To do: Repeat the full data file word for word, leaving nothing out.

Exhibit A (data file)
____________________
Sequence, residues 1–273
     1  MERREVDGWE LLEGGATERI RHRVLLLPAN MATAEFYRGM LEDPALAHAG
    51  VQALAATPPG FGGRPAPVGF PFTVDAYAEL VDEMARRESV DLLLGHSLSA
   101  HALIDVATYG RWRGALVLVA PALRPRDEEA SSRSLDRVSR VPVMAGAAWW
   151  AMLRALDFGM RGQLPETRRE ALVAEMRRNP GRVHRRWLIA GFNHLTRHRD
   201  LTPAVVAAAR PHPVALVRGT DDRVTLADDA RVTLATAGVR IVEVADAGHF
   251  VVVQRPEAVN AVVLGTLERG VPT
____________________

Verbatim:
Sequence, residues 1–273
     1  MERREVDGWE LLEGGATERI RHRVLLLPAN MATAEFYRGM LEDPALAHAG
    51  VQALAATPPG FGGRPAPVGF PFTVDAYAEL VDEMARRESV DLLLGHSLSA
   101  HALIDVATYG RWRGALVLVA PALRPRDEEA SSRSLDRVSR VPVMAGAAWW
   151  AMLRALDFGM RGQLPETRRE ALVAEMRRNP GRVHRRWLIA GFNHLTRHRD
   201  LTPAVVAAAR PHPVALVRGT DDRVTLADDA RVTLATAGVR IVEVADAGHF
   251  VVVQRPEAVN AVVLGTLERG VPT